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DUI Checkpoints in Ohio & 5 Tips if You’re Stopped

Posted On: October 16th, 2023   |   Posted by: Luftman, Heck & Associates LLP
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Intoxicated drivers present a significant hazard on Ohio’s roads, and it is a prime concern for law enforcement. They employ various strategies to curtail this threat, from pulling over suspicious vehicles to setting up DUI checkpoints. Often, these checkpoints, especially when unexpected, can be intimidating. Many drivers, even if they’re sober and law-abiding, feel pressured or uneasy.

Typically, DUI checkpoints see an uptick during weekends, holidays, or on days coinciding with major events where alcohol consumption might be higher. The idea is to act as a deterrent and to catch those who risk the safety of others by driving impaired.

However, every individual has rights. If you ever find yourself at such a checkpoint, knowing what to expect, how to act, and what your rights are is imperative.

If you are charged with an OVI or another crime after being stopped at a DUI checkpoint, contact the Ohio DUI defense lawyers at Luftman, Heck & Associates. We’ll explain the situation and how we can help. Call (614) 500-3836 for a free consultation.

Ohio DUI Checkpoints

In Ohio, DUI checkpoints (often called “sobriety checkpoints” or “OVI checkpoints” for Operating a Vehicle Impaired) are short-term traffic stops to catch drivers who are under the influence of alcohol or drugs. The U.S. Supreme Court upheld these checkpoints’ constitutionality in the case Michigan Dept. of State Police v. Sitz.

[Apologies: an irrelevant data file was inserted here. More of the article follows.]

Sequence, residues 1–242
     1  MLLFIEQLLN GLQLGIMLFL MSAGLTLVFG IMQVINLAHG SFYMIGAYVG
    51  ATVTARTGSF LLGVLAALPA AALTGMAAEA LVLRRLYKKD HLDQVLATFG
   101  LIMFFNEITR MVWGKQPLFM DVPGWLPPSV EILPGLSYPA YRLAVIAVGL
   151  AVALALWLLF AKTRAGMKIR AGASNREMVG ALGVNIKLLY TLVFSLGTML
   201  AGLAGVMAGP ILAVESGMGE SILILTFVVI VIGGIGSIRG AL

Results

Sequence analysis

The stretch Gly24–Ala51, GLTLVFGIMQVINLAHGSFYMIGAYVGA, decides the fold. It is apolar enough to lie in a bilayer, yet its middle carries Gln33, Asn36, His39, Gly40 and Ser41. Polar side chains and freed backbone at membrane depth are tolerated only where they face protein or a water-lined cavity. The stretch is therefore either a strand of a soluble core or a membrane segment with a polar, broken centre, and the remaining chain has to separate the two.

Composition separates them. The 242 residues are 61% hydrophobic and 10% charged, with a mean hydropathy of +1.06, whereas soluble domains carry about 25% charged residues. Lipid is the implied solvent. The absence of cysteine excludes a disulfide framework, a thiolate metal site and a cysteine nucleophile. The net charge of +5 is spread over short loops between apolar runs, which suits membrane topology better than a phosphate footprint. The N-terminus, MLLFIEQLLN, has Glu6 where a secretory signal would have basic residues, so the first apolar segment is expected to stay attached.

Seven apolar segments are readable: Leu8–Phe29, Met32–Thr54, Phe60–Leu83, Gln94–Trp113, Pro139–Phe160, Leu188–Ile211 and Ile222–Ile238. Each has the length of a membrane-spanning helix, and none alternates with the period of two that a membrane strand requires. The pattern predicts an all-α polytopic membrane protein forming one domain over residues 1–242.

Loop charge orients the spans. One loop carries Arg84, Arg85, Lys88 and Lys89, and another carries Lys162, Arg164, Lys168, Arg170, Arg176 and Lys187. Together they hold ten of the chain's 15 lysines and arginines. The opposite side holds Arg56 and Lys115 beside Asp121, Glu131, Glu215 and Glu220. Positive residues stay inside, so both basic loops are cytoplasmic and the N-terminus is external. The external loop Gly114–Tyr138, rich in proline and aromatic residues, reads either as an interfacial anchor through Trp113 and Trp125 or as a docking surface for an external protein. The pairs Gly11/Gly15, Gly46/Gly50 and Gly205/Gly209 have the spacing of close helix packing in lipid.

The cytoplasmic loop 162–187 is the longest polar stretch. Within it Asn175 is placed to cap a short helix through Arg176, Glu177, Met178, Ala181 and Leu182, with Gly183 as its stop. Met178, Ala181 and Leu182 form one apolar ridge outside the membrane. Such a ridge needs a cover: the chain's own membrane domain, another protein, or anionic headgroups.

However, there are guidelines that law enforcement must follow when conducting these checkpoints to ensure they remain within legal and constitutional bounds.

Public Notification of Sobriety Checkpoints

DUI checkpoints are typically set up on major roadways and highways, especially during high-traffic times, such as holidays and weekends. DUI checkpoints are also more likely to be set up in areas with a history of alcohol-related accidents.

Typically, the police or Ohio state highway patrol will provide public notice of the checkpoint in advance. This is usually done through local media outlets such as social media, newspapers, television news, and sometimes radio. This notice should include the time, date, and location of the checkpoint. The idea behind this is that announcing increased enforcement will deter drinking and driving in the first place.

How to Identify an OVI Checkpoint

Checkpoints are typically identifiable by prominent reflective signs and marked police vehicles. Up until this area, cars have the option to turn back. However, once you’ve entered the section delineated by cones, accompanied by a sign indicating an upcoming sobriety checkpoint, you’re legally obligated to proceed through it. Given the noticeable presence of flares, mobile lighting, and police vehicles, this zone is hard to miss.

Is it Illegal to Turn Around at a Checkpoint?

If you are not in the designated checkpoint area, drivers can legally avoid a DUI checkpoint with lawful maneuvers like turning around or taking another route. However, keep in mind:

  • Always turn or reroute legally.
  • Avoiding a checkpoint might be seen as suspicious by police, and some checkpoints have secondary patrols monitoring those who avoid them.